Dial—aka “the face.” The dial is the part with numbers on it. Dials are typically made of porcelain or painted metal.
Hunter’s Case—Acronym HC—A type of case with a hinged case-front that closes, like a door, to protect the crystal. On nearly all hunters’ cases, the front of the case can be opened and closed by depressing the crown when it is in winding position.
Key Set—Acronym KS—This type of pocket watch requires a key to set the hands. The hands can be set in two ways: by using the key in the center of the hour and minute hands, or by using the key in the center of the back of the movement.
Key Wind—Acronym KW—A type of pocket watch that requires a key (other than the stem) to wind the watch. Most key wind pocket watches are wound on the back of the movement.
Lever Set—A watch movement that sets by pulling a lever located under the bezel next to the dial. The lever must be pulled out and the crown must be turned to set the hands.
Midsection—The middle part of the case on which both a bezel and a back will connect. If the case is a two-piece case, then there is no midsection.
Movement—Known in laymen’s terms as the “works” of the watch. It is the entire part of the watch, not including the case.
Open Face Case—Acronym OF—A watch with an exposed face. The dial and crystal combo is not covered and the time can be viewed at a glance, without having to open anything. Here are a few sub-types: the standard open face, the butterfly case, the swing out case, and more.
Pendant—The pendant is the housing: the part found protruding from the case. It holds the stem and is crested by the crown.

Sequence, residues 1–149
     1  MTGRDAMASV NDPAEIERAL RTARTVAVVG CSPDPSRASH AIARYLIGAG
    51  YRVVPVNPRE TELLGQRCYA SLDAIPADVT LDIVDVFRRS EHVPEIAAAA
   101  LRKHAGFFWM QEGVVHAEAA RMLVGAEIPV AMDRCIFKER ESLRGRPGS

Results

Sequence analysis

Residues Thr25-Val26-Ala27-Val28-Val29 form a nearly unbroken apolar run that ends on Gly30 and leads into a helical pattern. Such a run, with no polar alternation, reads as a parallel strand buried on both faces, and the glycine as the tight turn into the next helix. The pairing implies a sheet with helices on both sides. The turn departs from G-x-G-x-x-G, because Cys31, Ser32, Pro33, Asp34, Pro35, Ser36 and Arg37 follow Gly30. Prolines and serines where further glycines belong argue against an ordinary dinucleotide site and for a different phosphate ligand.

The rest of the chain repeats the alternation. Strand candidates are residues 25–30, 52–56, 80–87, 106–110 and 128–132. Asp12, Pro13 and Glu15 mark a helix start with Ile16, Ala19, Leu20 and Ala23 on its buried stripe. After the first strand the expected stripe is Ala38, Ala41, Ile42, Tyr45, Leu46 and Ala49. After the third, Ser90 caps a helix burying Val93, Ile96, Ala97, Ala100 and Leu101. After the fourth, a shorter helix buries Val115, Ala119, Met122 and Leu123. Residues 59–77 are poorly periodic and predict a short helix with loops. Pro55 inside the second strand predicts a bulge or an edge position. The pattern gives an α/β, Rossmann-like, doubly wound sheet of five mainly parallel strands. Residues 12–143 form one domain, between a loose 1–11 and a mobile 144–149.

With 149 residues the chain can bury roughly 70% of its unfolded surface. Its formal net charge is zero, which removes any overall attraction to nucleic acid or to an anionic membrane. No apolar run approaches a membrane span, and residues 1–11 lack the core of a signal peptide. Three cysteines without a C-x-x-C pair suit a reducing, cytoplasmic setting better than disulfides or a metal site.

Setting Position—The position in which a crown and stem are pulled out on a pocket watch. With stem set watches, the hour and minute hands can be set in the setting position.
Stem Set—Type of watch that can be set when the crown is pulled out into the setting position.
Stem Wind—Type of watch that can be wound when the crown is in thewinding position.
Stem—The stem is a metal piece which attaches the crown to the watch movement. The stem is controlled by the actions of the crown. In a hunter’s case watch, the stem also opens the front cover.
Winding Position—The “normal” position of the crown and stem on a pocket watch. In this position, the watch can be wound.
Scott Hueckman was on Pawn Stars and shares his experience.
Here is a pocket watch that may even catch the eye of Flavor Flav, the era of the Swiss oversize pocket watch. There doesn’t seem to be much information about why they were made so much larger than even the 18 size pocket watches that were commonplace in the 1900-1910 era. The aforementioned time period is when the short-lived behemoths came to compete. In size comparison, even the large 18 size pocket watch cases were about 55 to 58mm in diameter. The Lonville “Railwayman” oversize pocket watch has a case that measures 67mm in diameter. A nine to twelve millimeter difference, no big deal right?
The two typical “working man’s” pocket watches of the early 20th century, the 16 size and 18 size, were only about 4mm in difference (in comparing similar style cases). To a novice, the 16 and 18 size differences are sometimes not even noticed, especially when the movements are out of their cases. When a novice sees the oversize Swiss types, the oversize watch appears like a giant. A modern time analogy would be a comparison of the Samsung Galaxy to the Galaxy Note or the Iphone 6 compared to the 6 plus.
Why were they made and why did the style go out? I would guess that Swiss were attempting to gain a foothold in the US pocket watch market and were trying to get in by making a very noticeable item. Everyone can recognize size differences, but not everyone can see the differences (or cares for that matter) about things like how many jewels, how many adjustments, or other nuances that a watch may have had. I would also venture that the Swiss were so far behind, and the US companies were so entrenched and trusted, that the Swiss companies couldn’t keep making and exporting their products only to have to cut prices to be the price leaders in a US-dominated market.
The short life of the Swiss oversize pocket watch is an interesting phenomenon. The one that I added in the pictures keeps good time, but the movement appears cheap! The dial has gold minute markers, which is cool. The watch is a pin lever set.